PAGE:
Student Centered Learning Through Technology

International Society for Technology in Education (ISTE) Standard 5

5. Engage in professional growth and leadership – Teachers continuously improve their professional practice, model lifelong learning, and exhibit leadership in their school and professional community by promoting and demonstrating the effective use of digital tools and resources.

a. Participate in local and global learning communities to explore creative applications of technology to improve student learning.

Program Standard 1

1. Expectations – The teacher communicates high expectations for student learning.

1.1 Element – Demonstrating Knowledge of Content and Pedagogy

1.1 Example of Proficient – Teacher recognizes the value of understanding students’ interest and cultural heritage and displays this knowledge for groups of students.

The use of technology in education has always been a hotly debated subject. Some believed that children should worry more about gaining prescribed knowledge and that the use of technology is unnecessary in that pursuit. Certainly, students can learn literacy, math, science, social studies, and history without it but does that mean that they should have to? Opponents to the implementations of technology in schools argue that it distracts students from their studies because they are used to using it for entertainment (Evans, 2008, 308). If that is the case, then shouldn’t educators take it upon themselves to help students understand what a powerful learning tool it can be? Others argue that young students cannot handle the rigors of digital citizenship and should be taught a strong moral conduct before being allowed to go online at school (Evans, 2008, 307). However, students will be exposed the internet regardless and if it is done in school from an early age teachers can help students understand their role as a responsible member of a digital community. Finally, those who oppose early exposure to technology indicate that students should be exposed at a much older age so that they do not have to learn soon-to-be obsolete technology at a young age (Evans, 2008, 311). Contrarily, it would benefit students to be well equipped to adapt to new technologies, as they are quick and ever changing.

With the prevalence of technology in everyday life, it seems that a more pertinent question should be how should educators integrate it into the classroom. One objection to the use of technology that actually holds some credence is that it can be distracting for students. However, when introduced and used in a meaningful way it can transform learning. One tool that teachers can use when deciding when to integrate technology into the classroom is the SAMR Model for Technology Integration. At the bottom of this taxonomy is substitution where the use of technology would not result in any functional change. Next is augmentation where it would act as a substitution but would also provide functional improvement. One step up on the taxonomy is modification where the task at hand can be significantly redesigned. At the top is redefinition where the teacher is able to use technology to create a new meaningful experience for children that would have been inconceivable without it (Puentedura, 2014). Sometimes the use of technology can be justified even if it just provides a substitution but teachers need to be aware in those cases that it might not be the best option and could lead to distractions. If the technology can redefine learning then there is no question that it should be implemented into the classroom. Another benefit is that it has the potential to ignite student-centered learning and provide them with a stronger connection to the content. There are so many different ways that technology can be seamlessly integrated into a child’s education to transform and redefine his or her learning experience.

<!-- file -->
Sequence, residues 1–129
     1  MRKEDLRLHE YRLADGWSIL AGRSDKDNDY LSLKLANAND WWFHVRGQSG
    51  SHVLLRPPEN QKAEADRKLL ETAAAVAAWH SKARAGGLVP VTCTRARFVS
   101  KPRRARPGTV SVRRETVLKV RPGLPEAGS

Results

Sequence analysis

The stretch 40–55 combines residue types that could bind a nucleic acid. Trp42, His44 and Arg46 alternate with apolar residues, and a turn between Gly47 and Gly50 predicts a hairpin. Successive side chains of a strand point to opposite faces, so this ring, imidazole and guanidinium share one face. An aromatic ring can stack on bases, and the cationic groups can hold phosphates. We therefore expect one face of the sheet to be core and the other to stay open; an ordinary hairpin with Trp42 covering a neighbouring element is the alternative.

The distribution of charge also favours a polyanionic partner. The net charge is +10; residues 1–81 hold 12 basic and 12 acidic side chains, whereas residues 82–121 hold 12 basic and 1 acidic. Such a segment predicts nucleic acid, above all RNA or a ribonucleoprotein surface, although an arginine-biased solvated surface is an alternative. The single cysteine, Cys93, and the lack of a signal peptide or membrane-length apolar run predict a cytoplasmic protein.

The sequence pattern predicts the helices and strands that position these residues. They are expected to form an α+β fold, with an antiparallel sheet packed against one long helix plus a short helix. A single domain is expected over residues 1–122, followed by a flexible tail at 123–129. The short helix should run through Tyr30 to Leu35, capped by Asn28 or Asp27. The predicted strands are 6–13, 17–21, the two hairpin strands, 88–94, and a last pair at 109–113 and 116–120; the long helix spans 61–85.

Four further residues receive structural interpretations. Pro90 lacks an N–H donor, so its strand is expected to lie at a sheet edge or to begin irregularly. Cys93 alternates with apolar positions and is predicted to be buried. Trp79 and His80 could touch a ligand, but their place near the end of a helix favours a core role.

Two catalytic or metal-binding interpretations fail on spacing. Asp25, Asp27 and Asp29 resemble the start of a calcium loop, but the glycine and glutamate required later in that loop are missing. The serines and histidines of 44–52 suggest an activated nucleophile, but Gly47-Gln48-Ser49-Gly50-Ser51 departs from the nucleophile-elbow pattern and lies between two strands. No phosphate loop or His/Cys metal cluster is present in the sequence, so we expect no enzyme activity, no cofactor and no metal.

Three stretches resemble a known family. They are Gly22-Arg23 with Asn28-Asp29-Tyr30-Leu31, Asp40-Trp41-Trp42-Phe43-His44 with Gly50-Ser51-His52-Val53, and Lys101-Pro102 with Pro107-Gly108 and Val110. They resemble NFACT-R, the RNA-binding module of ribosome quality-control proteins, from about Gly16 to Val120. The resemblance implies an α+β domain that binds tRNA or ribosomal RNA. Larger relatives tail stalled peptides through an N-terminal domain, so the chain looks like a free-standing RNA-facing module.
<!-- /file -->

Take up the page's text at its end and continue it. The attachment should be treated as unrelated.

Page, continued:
One way to redefine education through technology is through epistemic learning programs. David Williamson Shaffer, Kurt Squire, Richard Halverson, and James Gee argue that computer simulations can be a great learning tool and that they are “the most powerful when they are personally meaningful, experiential, social, and epistemological all at the same time” (Evans, 2008, p. 296). Although programs like these are not used in school yet, the authors believe that some video games can act as a framework for future developers. These researchers believe that if developers make learning programs that require the same level of higher reasoning and practical knowledge as certain epistemic video games do that it can help students develop important skills. They maintain that education should integrate learning not only through a mere transmission of facts to be memorized but also through the development of skills. They assert, “We learn by doing—not just by doing any old thing, but by doing something as part of a larger community of people who share common goals and ways of achieving those goals” (Evans, 2008, p. 299). Having students participate in communities within virtual realities can expose them to experience that they otherwise would not be able to achieve in school. For example, students can actually participate in societal issues like politics by participating in the process. Instead of passively learning about how different political systems function they can actively partake of a reality where they are exposed to it and can influence it. This kind of learning has the potential to transform learning and provide children with a more dynamic and student-centered education. This does not mean that technology should replace standard models of teaching but that it should be a meaningful part of the curriculum.

Evans, D. L. (Eds.).  (2008). Taking sides: Clashing views in teaching and educational practice. Dubuque, IA: McGraw-Hill/Dushkin.
Puentedura, R. (2014). SAMR and Bloom’s Taxonomy: Assembling the Puzzle. Common Sense Graphite. Retrieved from